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YOLO with Yola

The English singer-songwriter brings her Americana-laden sound to The Jones Assembly this month.

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Stories abound of how musicians navigated the full-stop nature of the pandemic. For English singer-songwriter Yola, the extended COVID-19 pause gave her a chance to do a deep dive into herself with Stand For Myself, the follow-up album to her critically-acclaimed 2019 debut Walk Through Fire.


While her introduction to the public came as a country-soul force of nature who earned multiple Grammy nods, including Best Americana Album and Best American Roots Performance (despite hailing from Bristol, England), the woman born Yolanda Claire Quartey has expanded her stylistic palette considerably with Stand For Myself.


With Dan Auerbach of The Black Keys returning as producer, “Stand For Myself” finds the sounds of Yola’s childhood bubbling up and encompassing everything from hooky protest jams (“Diamond Studded Shoes”) and Bacharach-flavored pop (“Like a Photograph”) to Gamble & Huff-flavored disco (“Dancing Away in Tears”) and silk sheet R&B (“Now You’re Here”). In the process, Yola did a self inventory, having already worked to hold onto her center while weathering a tsunami of success.


“It became apparent during lockdown when I was adding songs to my coffer of tunes, that I was writing about something,” she said. “It felt like the arc of my journey from being a little of a dual-mapped person to seeming like I was on my path properly felt like the inspiration to the arc of this record, a moment where life had realized some sense of timing. I negotiated how to get that for myself and how to have control over my own life—not anyone else’s—just mine. It was quite astounding how often I was in situations where people wanted to have control over my life and they didn’t even realize they were doing that. They were just making it so that nothing was left for my life or they were encouraging me to think in ways that gave up my agency. I went through an arc of realizing those patterns and outgrowing them and those paradigms of thought. Every song was like a stop on the way to that.”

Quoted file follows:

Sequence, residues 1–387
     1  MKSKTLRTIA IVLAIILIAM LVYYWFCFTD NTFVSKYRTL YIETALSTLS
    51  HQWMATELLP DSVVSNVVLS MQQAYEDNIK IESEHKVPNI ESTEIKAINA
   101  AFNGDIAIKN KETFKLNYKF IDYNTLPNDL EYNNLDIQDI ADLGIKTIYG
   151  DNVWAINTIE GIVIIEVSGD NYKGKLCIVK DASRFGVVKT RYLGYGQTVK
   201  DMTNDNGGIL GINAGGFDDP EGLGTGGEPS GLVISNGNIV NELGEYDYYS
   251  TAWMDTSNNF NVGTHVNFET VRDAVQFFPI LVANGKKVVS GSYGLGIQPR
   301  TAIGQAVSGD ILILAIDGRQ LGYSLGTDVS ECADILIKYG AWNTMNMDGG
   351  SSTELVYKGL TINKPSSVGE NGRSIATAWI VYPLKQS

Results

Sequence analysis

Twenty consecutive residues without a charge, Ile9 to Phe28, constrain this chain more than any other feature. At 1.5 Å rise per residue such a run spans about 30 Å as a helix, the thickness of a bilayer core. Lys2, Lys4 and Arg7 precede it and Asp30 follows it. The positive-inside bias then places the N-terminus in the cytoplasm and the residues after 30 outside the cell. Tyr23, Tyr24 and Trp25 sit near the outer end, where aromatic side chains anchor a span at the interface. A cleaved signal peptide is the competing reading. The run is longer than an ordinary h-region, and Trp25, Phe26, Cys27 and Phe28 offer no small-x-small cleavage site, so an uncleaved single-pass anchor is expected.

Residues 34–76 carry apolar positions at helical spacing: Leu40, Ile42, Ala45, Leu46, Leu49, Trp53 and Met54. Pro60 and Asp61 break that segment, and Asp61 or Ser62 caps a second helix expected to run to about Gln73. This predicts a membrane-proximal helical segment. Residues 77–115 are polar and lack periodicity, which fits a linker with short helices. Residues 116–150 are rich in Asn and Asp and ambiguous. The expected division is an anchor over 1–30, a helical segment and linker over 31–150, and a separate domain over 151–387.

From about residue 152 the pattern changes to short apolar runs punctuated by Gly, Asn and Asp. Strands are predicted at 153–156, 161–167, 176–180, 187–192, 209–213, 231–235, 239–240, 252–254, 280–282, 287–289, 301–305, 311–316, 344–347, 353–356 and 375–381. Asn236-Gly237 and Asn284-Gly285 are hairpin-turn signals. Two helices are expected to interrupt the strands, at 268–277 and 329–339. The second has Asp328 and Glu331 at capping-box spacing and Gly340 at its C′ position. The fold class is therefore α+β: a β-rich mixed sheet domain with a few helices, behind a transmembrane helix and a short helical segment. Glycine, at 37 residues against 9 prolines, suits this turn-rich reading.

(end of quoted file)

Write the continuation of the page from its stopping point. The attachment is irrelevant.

A major factor allowing Yola to find the greater truth she was seeking on this project was the presence and contributions of a female-centric supporting cast. Among the major contributors were less-familiar talents like Joy Oladokun and Ruby Amanfu and better-known names like Brandi Carlile and Natalie Hemby.


“I feel like with the first record, I was so surrounded by white men,” Yola explained. “It was my connections with women of varying background, hue and persuasion that gave me this wonderful ability to truly excavate everything I needed to [dig up] on this record. I was blessed to have a clutch of women that would get me there fully understanding where I was trying to go. Then I had to call Brandi — she’s obviously on the opposite end of the country up in Seattle. I told her she could send me a vocal and she was like, ‘Oh my God, I’m all over it.’ She was even telling me, ‘You know I’m going to be on this record, right?’ and I said, ‘Yeah, I do.’”


The Carlile and Hemby connection came via the Highwaywomen. Yola was invited to contribute to the self-titled 2019 album by this all-female supergroup, which also includes Maren Morris and Amanda Shires. Hemby caught Yola playing at Willie Nelson’s Luck Reunion Festival, professed her love of the latter’s debut album and insisted she was going to hip Carlile to the British vocal powerhouse. The Highwaywomen project followed in its wake, and doors of opportunity continued opening for Yola.